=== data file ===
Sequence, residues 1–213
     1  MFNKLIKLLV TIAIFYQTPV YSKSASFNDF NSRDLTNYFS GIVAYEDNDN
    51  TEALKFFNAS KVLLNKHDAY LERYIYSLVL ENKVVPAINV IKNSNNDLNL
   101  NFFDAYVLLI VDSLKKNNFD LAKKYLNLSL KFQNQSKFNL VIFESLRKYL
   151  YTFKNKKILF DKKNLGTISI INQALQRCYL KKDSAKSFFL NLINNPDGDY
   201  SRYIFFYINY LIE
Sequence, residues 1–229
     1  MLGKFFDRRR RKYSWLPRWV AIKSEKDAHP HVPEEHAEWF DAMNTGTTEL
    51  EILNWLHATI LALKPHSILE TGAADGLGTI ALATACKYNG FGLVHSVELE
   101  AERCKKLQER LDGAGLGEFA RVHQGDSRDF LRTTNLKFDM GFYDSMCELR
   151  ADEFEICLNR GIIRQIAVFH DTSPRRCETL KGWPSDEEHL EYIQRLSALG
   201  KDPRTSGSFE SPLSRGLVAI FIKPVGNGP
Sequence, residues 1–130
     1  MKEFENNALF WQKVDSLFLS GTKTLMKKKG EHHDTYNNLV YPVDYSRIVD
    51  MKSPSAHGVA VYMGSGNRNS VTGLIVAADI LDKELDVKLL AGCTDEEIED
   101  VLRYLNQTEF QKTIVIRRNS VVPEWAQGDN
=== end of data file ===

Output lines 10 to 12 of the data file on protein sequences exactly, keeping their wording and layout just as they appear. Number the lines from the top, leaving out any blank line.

   101  AERCKKLQER LDGAGLGEFA RVHQGDSRDF LRTTNLKFDM GFYDSMCELR
   151  ADEFEICLNR GIIRQIAVFH DTSPRRCETL KGWPSDEEHL EYIQRLSALG
   201  KDPRTSGSFE SPLSRGLVAI FIKPVGNGP